New Study Links Antidepressants During Pregnancy to Autism

Posted on December 23, 2015 at 11:53am by

iStock_000020695792_LargeResearchers at the University of Montreal published a new study in JAMA Pediatrics revealing that mothers who take antidepressants during pregnancy are more likely to give birth to children who may later be diagnosed with autism. Specifically, mothers who take antidepressants in the last six months of the pregnancy are 87 percent more likely to have an autistic child.

The study shows that the overall rate of autism was 0.7 percent, which is lower than the national average, and increased to 1.2 percent in mothers who took antidepressants in the last six months of pregnancy. The research suggested that autism rates were not affected by antidepressants taken in the first three months.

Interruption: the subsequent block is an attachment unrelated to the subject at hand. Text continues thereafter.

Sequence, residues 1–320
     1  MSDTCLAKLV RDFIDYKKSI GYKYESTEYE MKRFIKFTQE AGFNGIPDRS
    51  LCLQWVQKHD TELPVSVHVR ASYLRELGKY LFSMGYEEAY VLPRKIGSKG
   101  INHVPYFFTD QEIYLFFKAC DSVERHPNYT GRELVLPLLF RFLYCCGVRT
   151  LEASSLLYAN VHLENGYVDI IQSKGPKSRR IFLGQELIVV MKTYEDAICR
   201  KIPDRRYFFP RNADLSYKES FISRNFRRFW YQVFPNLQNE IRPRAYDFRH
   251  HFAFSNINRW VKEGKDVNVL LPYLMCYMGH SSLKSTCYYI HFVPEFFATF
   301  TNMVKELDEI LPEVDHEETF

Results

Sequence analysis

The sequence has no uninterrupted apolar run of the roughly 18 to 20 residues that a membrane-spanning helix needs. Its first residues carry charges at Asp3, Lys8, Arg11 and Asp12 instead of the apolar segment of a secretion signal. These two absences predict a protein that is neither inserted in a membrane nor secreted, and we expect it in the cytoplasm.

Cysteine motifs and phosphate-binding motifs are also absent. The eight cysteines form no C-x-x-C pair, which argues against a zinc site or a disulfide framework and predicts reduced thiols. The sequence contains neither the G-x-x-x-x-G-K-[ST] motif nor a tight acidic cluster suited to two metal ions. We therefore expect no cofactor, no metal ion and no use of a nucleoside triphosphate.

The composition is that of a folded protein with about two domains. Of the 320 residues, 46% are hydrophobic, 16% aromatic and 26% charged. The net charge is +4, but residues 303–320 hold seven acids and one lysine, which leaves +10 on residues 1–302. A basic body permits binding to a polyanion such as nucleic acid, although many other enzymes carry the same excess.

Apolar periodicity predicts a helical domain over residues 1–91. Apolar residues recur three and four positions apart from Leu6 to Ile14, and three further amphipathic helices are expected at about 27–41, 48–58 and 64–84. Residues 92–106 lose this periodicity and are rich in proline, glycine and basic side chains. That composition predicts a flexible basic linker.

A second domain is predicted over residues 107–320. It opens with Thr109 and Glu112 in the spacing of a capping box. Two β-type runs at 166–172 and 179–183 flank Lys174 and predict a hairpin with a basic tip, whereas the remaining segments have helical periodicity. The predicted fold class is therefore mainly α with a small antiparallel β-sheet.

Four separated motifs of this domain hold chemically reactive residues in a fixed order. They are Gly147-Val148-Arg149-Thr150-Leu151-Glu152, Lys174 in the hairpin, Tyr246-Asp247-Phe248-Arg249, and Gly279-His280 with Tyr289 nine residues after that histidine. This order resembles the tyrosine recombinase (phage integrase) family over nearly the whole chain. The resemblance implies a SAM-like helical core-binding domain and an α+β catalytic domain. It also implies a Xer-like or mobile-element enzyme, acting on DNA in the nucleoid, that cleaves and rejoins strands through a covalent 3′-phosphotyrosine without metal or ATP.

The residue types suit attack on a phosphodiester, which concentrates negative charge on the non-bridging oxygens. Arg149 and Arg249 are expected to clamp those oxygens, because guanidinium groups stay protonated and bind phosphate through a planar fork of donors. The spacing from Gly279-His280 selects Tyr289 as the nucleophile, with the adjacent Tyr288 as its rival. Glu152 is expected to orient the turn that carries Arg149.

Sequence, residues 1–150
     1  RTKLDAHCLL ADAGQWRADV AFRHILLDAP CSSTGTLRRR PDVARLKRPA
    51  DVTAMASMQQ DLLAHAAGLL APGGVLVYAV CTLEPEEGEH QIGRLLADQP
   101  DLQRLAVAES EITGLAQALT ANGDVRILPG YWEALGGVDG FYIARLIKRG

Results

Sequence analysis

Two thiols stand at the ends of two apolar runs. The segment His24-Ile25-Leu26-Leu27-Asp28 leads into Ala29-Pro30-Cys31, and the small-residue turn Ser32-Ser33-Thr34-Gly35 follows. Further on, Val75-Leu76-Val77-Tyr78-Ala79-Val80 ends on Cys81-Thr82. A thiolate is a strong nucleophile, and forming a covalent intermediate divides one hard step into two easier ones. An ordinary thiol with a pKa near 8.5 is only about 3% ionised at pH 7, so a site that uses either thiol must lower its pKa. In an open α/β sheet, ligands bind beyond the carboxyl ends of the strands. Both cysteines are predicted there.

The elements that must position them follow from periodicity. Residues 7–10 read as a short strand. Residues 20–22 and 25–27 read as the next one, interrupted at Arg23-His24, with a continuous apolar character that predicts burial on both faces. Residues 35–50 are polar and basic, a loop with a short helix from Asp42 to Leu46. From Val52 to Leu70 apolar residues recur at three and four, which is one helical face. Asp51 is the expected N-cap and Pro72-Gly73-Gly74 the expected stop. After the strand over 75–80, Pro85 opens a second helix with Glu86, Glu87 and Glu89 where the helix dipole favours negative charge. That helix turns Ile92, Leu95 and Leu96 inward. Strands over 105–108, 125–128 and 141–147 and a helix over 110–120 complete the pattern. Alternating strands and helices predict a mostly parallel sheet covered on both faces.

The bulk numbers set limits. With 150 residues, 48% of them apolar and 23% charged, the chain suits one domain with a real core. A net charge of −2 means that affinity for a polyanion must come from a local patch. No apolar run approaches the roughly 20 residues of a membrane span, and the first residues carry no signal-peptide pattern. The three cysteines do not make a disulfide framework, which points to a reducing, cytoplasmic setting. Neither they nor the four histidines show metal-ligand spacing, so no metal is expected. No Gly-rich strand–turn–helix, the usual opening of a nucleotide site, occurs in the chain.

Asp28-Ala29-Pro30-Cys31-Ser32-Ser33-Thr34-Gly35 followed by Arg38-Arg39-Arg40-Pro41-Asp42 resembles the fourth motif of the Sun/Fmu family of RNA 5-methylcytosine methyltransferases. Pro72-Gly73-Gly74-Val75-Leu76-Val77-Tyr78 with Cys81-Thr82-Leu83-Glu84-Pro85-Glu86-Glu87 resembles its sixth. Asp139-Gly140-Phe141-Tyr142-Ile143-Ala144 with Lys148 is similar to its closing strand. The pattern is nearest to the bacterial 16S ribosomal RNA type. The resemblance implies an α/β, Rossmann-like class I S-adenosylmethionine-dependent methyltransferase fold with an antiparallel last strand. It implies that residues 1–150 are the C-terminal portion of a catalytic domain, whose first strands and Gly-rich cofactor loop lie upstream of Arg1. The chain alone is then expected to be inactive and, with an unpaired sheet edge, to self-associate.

According to the CDC, about one in 45 children between 3 and 17 have been diagnosed with autism. The national rate for children between those ages is 2.2 percent.

How Do Antidepressants During Pregnancy Affect My Child?

The study shows that women who take a certain kind of antidepressants, called SSRIs (selective serotonin re-uptake inhibitors), were twice as likely to have an autistic child. Women taking more than one drug to treat depression were found to be four times as likely.

There are a number of doctors that call the study flawed, including Paul Wang, head of medical research for Autism Speaks. He says that women taking medication for depression are less likely to give birth prematurely, a known factor in autism. He also argues that women who have their depression under control are obviously much better equipped to take care of themselves and their babies.

The researchers at Montreal note that depression is a very serious and life-threatening illness, and women should not stop taking medication for it because of their study alone.

Targan & Pender is a personal injury law firm that helps clients throughout New Jersey, including Wildwood Crest, Stone Harbor and Strathmere.



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